The Census Bureau already provides several alternative calculations for the poverty rate, but none addresses the issue of assets. We believe that it is time for the Census Bureau to officially update its methodology to provide policy makers, and the public, a more accurate and comprehensive understanding of the economic well being of our most vulnerable citizens. The official poverty measure as is simply does not provide a truthful representation, nor is it complete.
We would appreciate your response to the following questions:
1. Does the Census Bureau agree with the general thesis that assets (along with income) are also a key determinant of the well being of families and individuals and that overall welfare can best be understood by considering how they control all of the resources under their disposal? If not, please explain why the thesis is incorrect. If so, why has the Census Bureau not included assets as an element in poverty calculations, or developed an additional definition or calculation to determine who is "asset poor"?
2. Does the Bureau believe that the assets a family or individual own are also related to the amount of consumption they can afford? If so, isn't it inherently inaccurate to purport to measure a family's well being without also considering assets?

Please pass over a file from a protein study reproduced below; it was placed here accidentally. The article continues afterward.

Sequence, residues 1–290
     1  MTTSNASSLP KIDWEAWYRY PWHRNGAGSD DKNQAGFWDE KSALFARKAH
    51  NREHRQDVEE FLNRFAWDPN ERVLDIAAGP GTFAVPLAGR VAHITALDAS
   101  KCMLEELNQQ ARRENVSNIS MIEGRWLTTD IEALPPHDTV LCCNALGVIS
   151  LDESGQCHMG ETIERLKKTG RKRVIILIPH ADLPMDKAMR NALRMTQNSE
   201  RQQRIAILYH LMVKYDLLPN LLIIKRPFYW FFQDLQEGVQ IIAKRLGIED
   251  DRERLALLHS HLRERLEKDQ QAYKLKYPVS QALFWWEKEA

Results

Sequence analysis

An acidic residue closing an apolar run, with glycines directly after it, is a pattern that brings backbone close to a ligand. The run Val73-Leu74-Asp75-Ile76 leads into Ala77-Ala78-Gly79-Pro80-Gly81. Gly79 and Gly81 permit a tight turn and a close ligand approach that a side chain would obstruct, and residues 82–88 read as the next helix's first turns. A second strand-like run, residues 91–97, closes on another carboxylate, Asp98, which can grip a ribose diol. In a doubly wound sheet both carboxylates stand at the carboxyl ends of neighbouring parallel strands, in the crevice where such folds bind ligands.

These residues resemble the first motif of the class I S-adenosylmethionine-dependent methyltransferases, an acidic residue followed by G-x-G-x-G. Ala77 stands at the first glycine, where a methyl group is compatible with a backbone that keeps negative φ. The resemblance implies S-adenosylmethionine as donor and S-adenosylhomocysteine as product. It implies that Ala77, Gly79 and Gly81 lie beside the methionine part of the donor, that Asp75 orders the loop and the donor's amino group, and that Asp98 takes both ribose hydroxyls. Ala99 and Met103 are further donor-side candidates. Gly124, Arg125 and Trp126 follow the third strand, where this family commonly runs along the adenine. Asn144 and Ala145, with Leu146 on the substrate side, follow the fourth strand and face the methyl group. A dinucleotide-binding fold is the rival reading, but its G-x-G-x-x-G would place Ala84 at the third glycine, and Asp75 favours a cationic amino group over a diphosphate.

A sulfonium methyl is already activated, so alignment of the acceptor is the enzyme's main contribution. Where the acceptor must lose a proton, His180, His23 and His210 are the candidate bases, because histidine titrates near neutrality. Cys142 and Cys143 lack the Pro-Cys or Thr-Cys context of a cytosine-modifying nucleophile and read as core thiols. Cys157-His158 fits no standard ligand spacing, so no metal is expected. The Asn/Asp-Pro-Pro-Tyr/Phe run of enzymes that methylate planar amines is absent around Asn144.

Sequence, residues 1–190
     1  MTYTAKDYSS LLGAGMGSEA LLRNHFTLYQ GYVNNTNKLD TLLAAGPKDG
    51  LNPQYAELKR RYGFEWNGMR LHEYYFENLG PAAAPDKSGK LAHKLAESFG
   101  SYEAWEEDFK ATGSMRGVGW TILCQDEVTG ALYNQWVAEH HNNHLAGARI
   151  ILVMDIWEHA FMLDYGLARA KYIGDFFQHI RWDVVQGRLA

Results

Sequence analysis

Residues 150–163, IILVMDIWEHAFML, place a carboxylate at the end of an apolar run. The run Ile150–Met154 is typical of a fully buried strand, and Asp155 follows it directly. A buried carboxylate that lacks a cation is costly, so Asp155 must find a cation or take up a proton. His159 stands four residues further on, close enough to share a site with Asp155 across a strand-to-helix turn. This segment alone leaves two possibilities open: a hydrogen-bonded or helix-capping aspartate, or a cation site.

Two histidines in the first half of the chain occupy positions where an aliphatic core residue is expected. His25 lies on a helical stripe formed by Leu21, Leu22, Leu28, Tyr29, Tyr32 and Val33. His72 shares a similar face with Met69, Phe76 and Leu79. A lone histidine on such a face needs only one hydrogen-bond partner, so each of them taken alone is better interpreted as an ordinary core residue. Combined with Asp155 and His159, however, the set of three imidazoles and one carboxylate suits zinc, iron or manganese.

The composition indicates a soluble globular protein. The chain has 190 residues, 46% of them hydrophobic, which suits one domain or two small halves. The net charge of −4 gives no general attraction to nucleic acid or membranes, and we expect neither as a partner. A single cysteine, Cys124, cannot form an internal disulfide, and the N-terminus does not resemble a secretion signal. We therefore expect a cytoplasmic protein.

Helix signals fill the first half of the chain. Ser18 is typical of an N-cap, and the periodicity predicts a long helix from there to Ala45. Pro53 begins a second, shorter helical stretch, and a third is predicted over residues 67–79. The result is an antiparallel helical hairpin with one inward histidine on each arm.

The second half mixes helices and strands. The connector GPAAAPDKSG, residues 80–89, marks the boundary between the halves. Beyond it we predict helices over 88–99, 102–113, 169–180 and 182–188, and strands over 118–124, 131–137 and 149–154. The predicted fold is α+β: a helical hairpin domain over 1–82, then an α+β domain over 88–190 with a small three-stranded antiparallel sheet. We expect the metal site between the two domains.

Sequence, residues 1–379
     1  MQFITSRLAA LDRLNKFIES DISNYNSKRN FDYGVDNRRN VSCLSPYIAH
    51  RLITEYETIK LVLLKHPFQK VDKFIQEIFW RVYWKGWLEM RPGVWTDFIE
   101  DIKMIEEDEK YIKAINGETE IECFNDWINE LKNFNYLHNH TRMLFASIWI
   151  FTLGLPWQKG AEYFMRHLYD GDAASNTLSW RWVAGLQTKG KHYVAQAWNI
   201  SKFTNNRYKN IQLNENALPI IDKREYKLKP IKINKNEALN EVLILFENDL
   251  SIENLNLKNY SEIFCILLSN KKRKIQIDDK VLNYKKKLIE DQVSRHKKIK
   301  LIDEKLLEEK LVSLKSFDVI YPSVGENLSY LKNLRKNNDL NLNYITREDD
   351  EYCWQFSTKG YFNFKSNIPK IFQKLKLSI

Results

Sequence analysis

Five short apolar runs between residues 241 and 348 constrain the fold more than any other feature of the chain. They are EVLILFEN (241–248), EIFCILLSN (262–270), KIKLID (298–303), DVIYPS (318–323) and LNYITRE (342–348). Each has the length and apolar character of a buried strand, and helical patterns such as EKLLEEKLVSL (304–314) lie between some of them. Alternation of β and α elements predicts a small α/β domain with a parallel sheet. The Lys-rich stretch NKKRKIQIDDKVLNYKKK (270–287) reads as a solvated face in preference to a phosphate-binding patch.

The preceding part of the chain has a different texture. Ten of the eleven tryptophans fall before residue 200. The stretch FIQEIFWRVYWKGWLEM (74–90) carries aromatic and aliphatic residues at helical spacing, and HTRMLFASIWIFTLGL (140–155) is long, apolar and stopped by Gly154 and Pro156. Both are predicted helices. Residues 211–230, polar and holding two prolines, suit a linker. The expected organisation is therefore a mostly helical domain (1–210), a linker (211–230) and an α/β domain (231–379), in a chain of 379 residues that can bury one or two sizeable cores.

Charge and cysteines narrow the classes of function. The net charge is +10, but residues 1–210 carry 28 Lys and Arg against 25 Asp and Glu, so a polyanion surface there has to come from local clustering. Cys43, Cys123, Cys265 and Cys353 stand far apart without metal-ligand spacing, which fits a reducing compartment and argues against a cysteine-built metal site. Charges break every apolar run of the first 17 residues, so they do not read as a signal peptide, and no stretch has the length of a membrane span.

3. What specific value do various assets, including home ownership, savings, stock ownership, etc., have as social indicators? Does the Bureau believe it is in the interest of all citizens, including those who are poor, to accumulate assets? Does the Bureau agree with the proposition that asset ownership provide citizens a stake in society that income alone cannot provide?
4. Does the Bureau believe that it would be useful to understand how "resource deficient" families are; meaning the extent to which their available financial resources will allow them to survive at least three months should their normal income be disrupted?
5. Does the Bureau agree with the proposition that the way a problem is defined has a critical impact on the development of proposed solutions? If so, what are the implications for the way the Bureau now defines poverty solely in terms of income?
6. What factors would the Bureau recommend be considered in defining and measuring "asset poverty"? How difficult would it be for the Bureau to develop data necessary to make this determination?
Joseph I. Lieberman
United States Senator
Committee on Governmental Affairs